Daniel’s Prophecy of The Seventy Weeks – Part 5

Daniel chapter 9

Daniel’s Seventieth Seven, verse 27

One over-riding consideration must drive our interpretation of this verse: what Christ Himself said about it on the Mount of Olives. Christ’s insistence that the ‘abomination of desolation’ was yet to be fulfilled, Matt. 24. 15, means that the critical/rationalist view (that Daniel’s prophecy was fulfilled in 174 BC during Antiochus Epiphanes’ atrocities) is, at best, inadequate. Further, Christ said that His coming would occur ‘immediately after the tribulation of those days’, Matt. 24. 29. This means that the amillennial view (which argues that the prophecy was completely fulfilled in Christ’s first coming and the destruction of Jerusalem in AD 70, and, therefore, has no yet-future fulfilment) is also erroneous.

Approaching the prophecy from the standpoint of what Christ Himself said about it leaves us with no alternative but to view Daniel’s seventieth ‘seven’ as yet future. Thus, in this article, we shall concentrate mainly on a premillennial interpretation of the passage. Having surveyed the first four stages of the prophetic programme in the two previous verses, we come to the last three events in verse 27.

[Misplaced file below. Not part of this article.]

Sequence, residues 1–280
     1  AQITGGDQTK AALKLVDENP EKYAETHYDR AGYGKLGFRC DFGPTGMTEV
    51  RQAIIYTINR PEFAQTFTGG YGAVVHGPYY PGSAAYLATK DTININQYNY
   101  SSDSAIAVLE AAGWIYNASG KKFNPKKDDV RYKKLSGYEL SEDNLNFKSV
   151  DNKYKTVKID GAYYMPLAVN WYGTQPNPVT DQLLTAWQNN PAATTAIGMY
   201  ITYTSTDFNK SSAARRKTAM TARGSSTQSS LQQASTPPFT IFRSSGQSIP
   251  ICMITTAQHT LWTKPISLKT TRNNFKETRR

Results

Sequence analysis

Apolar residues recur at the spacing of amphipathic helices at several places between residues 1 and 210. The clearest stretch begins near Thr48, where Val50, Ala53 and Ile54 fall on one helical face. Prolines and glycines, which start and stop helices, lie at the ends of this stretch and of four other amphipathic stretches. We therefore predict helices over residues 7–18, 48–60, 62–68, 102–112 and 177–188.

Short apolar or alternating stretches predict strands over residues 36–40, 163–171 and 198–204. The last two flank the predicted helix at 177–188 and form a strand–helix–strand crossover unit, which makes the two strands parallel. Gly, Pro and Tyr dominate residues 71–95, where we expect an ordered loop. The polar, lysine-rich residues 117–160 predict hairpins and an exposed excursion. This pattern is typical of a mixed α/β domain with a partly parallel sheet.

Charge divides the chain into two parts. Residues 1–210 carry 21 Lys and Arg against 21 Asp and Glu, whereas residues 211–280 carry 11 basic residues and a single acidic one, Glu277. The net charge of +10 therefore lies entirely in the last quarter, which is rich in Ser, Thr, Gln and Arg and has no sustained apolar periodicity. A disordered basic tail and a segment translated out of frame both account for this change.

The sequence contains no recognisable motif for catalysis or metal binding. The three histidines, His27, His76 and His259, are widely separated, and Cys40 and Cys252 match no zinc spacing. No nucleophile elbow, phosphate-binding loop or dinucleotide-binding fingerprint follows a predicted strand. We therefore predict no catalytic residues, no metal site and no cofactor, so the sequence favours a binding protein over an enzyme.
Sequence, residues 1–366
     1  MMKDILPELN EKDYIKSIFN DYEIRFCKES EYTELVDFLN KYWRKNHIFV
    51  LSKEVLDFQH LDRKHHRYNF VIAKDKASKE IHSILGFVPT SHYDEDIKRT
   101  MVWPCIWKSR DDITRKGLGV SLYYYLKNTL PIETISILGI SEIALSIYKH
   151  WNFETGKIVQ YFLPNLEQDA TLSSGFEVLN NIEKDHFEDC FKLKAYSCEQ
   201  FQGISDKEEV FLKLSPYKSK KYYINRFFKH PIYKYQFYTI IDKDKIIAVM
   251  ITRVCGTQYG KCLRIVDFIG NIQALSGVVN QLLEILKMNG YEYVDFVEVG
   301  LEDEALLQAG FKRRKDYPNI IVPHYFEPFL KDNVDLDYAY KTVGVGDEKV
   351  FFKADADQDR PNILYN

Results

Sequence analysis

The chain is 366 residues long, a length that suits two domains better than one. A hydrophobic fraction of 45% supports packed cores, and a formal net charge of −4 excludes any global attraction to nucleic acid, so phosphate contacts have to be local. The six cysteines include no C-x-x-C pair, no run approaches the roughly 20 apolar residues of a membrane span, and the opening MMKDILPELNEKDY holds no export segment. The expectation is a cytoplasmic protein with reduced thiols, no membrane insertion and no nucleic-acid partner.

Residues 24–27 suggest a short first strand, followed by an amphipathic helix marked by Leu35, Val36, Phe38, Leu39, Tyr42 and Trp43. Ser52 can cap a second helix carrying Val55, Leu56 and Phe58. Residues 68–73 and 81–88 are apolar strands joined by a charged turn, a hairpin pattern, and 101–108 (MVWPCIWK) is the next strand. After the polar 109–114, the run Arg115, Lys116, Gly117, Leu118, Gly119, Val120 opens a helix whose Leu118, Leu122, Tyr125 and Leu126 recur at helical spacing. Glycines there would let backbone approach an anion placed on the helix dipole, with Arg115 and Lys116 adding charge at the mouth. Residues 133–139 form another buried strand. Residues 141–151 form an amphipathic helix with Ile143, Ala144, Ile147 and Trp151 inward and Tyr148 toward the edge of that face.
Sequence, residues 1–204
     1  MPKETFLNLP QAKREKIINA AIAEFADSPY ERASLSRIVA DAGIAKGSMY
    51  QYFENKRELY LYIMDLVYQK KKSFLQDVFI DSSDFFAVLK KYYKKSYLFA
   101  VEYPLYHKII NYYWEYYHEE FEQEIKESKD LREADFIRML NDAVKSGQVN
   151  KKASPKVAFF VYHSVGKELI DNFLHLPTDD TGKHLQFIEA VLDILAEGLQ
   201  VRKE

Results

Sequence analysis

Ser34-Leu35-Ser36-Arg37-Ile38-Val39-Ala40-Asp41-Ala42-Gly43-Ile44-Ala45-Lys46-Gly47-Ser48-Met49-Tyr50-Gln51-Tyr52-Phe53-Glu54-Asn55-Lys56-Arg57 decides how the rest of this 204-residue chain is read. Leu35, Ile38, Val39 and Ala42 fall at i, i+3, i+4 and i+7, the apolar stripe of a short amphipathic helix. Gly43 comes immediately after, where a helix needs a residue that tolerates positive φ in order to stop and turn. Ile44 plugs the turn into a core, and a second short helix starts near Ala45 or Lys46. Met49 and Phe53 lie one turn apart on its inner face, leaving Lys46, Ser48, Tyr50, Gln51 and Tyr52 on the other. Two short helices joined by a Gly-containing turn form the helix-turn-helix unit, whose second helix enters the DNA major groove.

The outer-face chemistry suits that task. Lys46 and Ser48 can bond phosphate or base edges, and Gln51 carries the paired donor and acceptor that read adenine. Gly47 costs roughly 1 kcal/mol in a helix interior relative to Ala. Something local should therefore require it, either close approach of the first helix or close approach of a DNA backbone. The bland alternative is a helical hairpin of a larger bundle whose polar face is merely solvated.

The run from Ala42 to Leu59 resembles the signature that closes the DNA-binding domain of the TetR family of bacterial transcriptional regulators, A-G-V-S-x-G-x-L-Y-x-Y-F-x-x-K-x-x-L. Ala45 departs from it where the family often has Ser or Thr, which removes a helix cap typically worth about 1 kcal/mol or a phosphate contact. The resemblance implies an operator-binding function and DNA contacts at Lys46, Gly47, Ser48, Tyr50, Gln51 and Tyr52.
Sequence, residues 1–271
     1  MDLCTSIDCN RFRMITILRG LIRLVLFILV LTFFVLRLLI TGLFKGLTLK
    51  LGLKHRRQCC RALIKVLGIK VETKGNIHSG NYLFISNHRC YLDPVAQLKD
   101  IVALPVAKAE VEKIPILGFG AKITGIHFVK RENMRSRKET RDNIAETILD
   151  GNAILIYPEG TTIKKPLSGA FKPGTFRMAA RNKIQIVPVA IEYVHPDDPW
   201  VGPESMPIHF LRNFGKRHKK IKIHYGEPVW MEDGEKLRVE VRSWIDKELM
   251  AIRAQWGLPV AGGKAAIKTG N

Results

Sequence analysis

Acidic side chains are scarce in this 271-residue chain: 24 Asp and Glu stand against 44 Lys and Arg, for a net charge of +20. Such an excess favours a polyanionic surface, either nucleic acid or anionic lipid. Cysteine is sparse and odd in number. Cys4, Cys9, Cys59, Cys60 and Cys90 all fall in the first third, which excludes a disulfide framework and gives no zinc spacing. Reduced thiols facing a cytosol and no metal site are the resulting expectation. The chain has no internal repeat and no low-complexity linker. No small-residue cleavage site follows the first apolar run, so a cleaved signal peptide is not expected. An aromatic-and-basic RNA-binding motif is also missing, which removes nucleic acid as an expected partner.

5. A Covenant is made for the final ‘seven’

Then he shall confirm a covenant with many for one seven.

The prediction in verse 26 of continual wars over Jerusalem provides us with the setting for this final verse of the prophecy. The ‘Prince to come’, v. 26, will enforce a treaty with the Jews. ‘The unusual verb used is “make a strong covenant”, gabar, bears this out for it has the implication of forcing an agreement by means of superior strength’.1 Presumably this will involve a peace deal, solving the ‘Jewish problem’ in the Middle East, and giving the Jews protection from their enemies and the freedom to worship God in such a way that the sacrificial system is resumed in a Jewish temple.

Dennett writes, ‘What is asserted here is, that the future head of the revived Roman Empire will make a covenant with “the many”, that is, with the mass or majority of the Jews, who at that time will again be in their own land; the mention of the sacrifice and the oblation puts it beyond doubt that Jerusalem is in question, and that the temple has been rebuilt. This prince will enter into an alliance with the Jewish nation, apart from the godly remnant, professedly as befriending their cause, and as protecting them from their adversaries’.2